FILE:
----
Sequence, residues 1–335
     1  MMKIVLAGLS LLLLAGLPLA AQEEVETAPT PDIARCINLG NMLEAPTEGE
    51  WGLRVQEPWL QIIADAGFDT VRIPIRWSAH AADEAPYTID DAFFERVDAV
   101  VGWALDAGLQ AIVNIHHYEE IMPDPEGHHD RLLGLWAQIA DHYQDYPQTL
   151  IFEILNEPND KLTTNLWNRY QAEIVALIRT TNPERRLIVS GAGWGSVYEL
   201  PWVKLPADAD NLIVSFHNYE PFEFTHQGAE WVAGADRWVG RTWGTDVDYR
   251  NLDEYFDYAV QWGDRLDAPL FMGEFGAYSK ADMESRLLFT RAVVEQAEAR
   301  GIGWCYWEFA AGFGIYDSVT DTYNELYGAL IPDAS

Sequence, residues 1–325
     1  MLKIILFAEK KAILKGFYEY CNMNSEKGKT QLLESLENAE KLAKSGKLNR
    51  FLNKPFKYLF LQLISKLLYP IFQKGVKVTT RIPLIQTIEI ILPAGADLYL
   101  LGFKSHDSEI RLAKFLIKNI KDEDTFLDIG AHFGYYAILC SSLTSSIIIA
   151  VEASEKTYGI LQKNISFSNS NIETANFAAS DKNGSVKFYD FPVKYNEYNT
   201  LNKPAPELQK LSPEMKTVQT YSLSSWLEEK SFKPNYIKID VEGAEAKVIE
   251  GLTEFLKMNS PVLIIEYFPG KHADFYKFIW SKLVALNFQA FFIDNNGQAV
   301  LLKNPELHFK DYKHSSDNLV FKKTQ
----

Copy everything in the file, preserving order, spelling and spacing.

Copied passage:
Sequence, residues 1–335
     1  MMKIVLAGLS LLLLAGLPLA AQEEVETAPT PDIARCINLG NMLEAPTEGE
    51  WGLRVQEPWL QIIADAGFDT VRIPIRWSAH AADEAPYTID DAFFERVDAV
   101  VGWALDAGLQ AIVNIHHYEE IMPDPEGHHD RLLGLWAQIA DHYQDYPQTL
   151  IFEILNEPND KLTTNLWNRY QAEIVALIRT TNPERRLIVS GAGWGSVYEL
   201  PWVKLPADAD NLIVSFHNYE PFEFTHQGAE WVAGADRWVG RTWGTDVDYR
   251  NLDEYFDYAV QWGDRLDAPL FMGEFGAYSK ADMESRLLFT RAVVEQAEAR
   301  GIGWCYWEFA AGFGIYDSVT DTYNELYGAL IPDAS

Sequence, residues 1–325
     1  MLKIILFAEK KAILKGFYEY CNMNSEKGKT QLLESLENAE KLAKSGKLNR
    51  FLNKPFKYLF LQLISKLLYP IFQKGVKVTT RIPLIQTIEI ILPAGADLYL
   101  LGFKSHDSEI RLAKFLIKNI KDEDTFLDIG AHFGYYAILC SSLTSSIIIA
   151  VEASEKTYGI LQKNISFSNS NIETANFAAS DKNGSVKFYD FPVKYNEYNT
   201  LNKPAPELQK LSPEMKTVQT YSLSSWLEEK SFKPNYIKID VEGAEAKVIE
   251  GLTEFLKMNS PVLIIEYFPG KHADFYKFIW SKLVALNFQA FFIDNNGQAV
   301  LLKNPELHFK DYKHSSDNLV FKKTQ